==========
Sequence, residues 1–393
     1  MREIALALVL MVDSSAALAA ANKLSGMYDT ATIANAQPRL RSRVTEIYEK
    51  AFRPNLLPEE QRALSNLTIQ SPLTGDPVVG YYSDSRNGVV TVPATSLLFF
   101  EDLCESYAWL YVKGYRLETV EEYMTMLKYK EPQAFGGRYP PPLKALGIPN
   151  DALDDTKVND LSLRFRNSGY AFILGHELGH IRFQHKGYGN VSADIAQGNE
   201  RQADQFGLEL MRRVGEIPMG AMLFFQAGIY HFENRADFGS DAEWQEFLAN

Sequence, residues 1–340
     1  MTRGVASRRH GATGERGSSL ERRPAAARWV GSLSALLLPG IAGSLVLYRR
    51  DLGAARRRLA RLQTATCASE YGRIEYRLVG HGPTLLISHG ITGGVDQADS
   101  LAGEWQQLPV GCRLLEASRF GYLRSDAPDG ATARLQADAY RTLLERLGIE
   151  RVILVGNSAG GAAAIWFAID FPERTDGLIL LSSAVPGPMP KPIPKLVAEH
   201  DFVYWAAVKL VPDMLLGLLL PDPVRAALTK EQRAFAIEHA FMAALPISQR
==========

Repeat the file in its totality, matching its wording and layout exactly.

Sequence, residues 1–393
     1  MREIALALVL MVDSSAALAA ANKLSGMYDT ATIANAQPRL RSRVTEIYEK
    51  AFRPNLLPEE QRALSNLTIQ SPLTGDPVVG YYSDSRNGVV TVPATSLLFF
   101  EDLCESYAWL YVKGYRLETV EEYMTMLKYK EPQAFGGRYP PPLKALGIPN
   151  DALDDTKVND LSLRFRNSGY AFILGHELGH IRFQHKGYGN VSADIAQGNE
   201  RQADQFGLEL MRRVGEIPMG AMLFFQAGIY HFENRADFGS DAEWQEFLAN

Sequence, residues 1–340
     1  MTRGVASRRH GATGERGSSL ERRPAAARWV GSLSALLLPG IAGSLVLYRR
    51  DLGAARRRLA RLQTATCASE YGRIEYRLVG HGPTLLISHG ITGGVDQADS
   101  LAGEWQQLPV GCRLLEASRF GYLRSDAPDG ATARLQADAY RTLLERLGIE
   151  RVILVGNSAG GAAAIWFAID FPERTDGLIL LSSAVPGPMP KPIPKLVAEH
   201  DFVYWAAVKL VPDMLLGLLL PDPVRAALTK EQRAFAIEHA FMAALPISQR